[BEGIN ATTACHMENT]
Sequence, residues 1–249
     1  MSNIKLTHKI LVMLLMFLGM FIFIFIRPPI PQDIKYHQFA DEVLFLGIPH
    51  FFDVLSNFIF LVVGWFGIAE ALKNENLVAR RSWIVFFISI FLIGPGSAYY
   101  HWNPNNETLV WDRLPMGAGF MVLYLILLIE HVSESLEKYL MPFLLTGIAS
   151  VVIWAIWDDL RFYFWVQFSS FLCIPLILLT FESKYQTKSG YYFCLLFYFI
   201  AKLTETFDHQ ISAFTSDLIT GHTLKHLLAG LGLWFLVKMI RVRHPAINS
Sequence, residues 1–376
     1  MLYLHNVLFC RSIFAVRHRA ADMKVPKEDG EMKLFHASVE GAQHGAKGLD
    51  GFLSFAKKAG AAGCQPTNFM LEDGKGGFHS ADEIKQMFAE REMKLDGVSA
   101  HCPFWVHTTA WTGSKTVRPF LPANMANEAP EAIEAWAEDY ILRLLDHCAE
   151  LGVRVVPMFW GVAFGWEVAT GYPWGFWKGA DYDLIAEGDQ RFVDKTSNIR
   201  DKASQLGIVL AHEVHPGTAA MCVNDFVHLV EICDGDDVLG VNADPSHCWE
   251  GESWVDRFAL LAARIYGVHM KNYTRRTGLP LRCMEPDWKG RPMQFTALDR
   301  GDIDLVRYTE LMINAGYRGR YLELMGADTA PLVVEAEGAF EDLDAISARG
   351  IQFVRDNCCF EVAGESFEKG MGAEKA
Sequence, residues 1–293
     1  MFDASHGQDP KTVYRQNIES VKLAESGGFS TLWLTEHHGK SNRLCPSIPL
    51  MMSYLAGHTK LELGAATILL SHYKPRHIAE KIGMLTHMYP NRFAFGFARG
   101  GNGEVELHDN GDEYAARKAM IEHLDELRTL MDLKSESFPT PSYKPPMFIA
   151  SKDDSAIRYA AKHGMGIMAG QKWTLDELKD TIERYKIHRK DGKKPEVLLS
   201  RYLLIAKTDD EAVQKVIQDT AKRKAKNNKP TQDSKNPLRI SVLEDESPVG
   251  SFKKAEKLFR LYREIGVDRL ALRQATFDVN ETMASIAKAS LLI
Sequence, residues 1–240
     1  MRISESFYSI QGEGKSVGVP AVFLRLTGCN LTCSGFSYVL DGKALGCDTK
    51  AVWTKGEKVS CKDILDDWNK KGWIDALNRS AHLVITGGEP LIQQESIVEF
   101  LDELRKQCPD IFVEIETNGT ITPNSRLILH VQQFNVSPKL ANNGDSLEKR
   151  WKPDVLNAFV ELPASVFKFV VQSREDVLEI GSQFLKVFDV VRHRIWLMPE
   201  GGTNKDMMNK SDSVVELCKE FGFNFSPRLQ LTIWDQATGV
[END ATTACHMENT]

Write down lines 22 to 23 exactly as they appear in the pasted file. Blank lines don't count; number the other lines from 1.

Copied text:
   251  SFKKAEKLFR LYREIGVDRL ALRQATFDVN ETMASIAKAS LLI
Sequence, residues 1–240